Ed Balls Gala Dinner - Appeal

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Rabbi Rebecca’s speech and appeal on the occasion of the Gala Dinner:

Thank you Ed Balls. Thank you Richard Greene and thank you my brilliant friend Erica Wax who persuaded Ed to come.

You might expect me to talk about the roof, which does needs replacing. And the fact we run out of space every Shabbat morning, and the fact our windows are tired and the red carpet needs refreshing. All of this is true. Our building is our temple and it requires our love.

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But it is the relationships that make this community and that is why we must secure the future and health of this congregation.

I look around this room and over the 8 and a half years I have been with you I have learned so much about so many of your lives. Your illness, and losses some of them devastating and some easier to bear. The births of your children and the marking of their childhoods, I know who bounded up the steps of this Bimah and who needed more cajoling. I know who amongst you have wept here in this synagogue building and which of you have shared joy.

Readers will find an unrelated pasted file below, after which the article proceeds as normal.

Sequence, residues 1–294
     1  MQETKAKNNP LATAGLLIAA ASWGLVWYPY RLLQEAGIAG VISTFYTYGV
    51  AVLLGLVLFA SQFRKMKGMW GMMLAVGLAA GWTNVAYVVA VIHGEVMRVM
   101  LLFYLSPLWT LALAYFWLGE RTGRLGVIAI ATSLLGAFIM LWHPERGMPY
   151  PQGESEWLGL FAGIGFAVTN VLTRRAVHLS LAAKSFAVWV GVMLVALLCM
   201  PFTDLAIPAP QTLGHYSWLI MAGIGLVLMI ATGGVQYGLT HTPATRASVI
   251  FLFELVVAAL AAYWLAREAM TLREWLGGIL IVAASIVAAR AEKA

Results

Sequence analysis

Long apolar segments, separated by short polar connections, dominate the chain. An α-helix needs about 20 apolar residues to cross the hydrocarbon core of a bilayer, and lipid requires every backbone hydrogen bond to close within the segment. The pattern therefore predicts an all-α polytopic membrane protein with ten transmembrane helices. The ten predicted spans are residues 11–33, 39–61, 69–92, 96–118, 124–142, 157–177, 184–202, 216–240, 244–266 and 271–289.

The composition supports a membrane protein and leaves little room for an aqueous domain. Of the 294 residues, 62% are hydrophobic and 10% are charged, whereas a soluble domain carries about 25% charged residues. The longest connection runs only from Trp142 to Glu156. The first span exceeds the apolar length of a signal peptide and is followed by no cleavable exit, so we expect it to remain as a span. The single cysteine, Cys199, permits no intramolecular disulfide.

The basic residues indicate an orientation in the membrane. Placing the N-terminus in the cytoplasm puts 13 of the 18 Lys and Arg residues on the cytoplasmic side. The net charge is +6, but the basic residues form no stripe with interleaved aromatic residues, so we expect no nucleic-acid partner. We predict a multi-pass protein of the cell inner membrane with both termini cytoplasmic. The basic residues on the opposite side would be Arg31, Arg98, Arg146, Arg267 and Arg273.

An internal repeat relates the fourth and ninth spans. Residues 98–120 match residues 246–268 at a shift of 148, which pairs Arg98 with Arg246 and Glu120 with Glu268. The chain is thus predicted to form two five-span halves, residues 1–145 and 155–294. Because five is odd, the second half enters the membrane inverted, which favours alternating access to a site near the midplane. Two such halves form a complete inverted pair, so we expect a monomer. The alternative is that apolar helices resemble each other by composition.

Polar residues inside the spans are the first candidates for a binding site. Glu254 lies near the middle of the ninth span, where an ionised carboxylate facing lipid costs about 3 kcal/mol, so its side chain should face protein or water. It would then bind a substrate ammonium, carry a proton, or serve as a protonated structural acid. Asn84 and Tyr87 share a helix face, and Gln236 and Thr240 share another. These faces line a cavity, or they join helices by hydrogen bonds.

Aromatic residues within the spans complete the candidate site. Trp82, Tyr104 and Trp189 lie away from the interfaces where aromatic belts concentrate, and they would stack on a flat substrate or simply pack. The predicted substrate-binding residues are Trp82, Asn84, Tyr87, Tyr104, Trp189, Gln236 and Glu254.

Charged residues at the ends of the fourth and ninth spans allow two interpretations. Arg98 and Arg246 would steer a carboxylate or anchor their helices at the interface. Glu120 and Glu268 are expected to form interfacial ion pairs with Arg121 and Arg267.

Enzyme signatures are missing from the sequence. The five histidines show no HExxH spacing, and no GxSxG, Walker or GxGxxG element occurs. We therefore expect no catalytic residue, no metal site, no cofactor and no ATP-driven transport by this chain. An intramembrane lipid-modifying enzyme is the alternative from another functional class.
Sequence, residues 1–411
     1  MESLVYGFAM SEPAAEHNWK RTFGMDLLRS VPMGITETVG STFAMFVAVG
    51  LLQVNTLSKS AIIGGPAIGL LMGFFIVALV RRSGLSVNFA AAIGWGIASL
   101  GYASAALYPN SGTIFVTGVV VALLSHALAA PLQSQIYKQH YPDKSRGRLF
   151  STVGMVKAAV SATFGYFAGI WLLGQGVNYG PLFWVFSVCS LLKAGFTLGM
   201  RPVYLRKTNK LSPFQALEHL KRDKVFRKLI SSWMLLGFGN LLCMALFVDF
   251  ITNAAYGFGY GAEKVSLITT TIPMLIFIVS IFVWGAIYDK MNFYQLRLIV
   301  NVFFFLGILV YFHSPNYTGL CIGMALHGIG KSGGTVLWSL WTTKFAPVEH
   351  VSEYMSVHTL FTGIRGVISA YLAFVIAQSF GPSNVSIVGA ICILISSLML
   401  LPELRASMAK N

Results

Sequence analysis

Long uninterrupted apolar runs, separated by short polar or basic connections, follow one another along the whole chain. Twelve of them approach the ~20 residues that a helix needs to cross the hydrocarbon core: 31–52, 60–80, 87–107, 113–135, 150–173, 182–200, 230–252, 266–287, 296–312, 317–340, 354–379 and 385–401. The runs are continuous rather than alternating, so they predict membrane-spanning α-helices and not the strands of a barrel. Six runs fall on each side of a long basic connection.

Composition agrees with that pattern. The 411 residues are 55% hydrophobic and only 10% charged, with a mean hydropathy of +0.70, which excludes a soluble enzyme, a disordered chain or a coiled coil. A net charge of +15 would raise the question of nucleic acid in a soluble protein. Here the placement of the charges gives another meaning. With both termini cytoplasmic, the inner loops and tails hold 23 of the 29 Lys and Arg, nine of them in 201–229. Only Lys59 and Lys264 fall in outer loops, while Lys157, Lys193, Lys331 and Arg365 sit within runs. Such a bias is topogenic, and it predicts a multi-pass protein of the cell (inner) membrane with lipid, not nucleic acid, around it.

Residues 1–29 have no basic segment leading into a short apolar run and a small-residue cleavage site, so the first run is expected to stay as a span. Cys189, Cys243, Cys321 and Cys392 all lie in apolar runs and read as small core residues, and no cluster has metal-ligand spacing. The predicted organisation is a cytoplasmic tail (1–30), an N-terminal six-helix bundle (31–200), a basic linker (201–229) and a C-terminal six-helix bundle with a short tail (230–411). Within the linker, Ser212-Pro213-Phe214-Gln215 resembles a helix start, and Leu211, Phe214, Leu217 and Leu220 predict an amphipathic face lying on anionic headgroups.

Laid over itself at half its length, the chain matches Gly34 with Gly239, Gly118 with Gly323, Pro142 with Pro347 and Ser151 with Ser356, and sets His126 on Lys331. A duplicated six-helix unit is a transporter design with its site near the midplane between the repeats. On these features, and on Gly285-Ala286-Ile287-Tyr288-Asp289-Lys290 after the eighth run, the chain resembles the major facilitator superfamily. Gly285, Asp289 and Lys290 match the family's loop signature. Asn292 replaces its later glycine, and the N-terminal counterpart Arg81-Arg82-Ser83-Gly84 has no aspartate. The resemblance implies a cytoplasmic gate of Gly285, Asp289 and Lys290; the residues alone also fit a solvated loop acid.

That is what I celebrate tonight that this is a community of deep connections. You have found your way here brought by parents or of your own volition. Motivated by loneliness, disappointment from other parts of the Jewish world or just where we are. The path of your life brought you to this threshold and as the conservative siddur describes’ it has been kind to straying feet’.

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Our liberal synagogue has been a home and a haven for many of you, who needed to find such a welcoming and tolerant place and some who fell in love with the congregation as they arrived. Perhaps greeted by one of the 4 rabbis over its past 66 years. We are a unique community, our messy shul with a soul. The only Liberal Jewish synagogue from St Johns Wood to Southgate.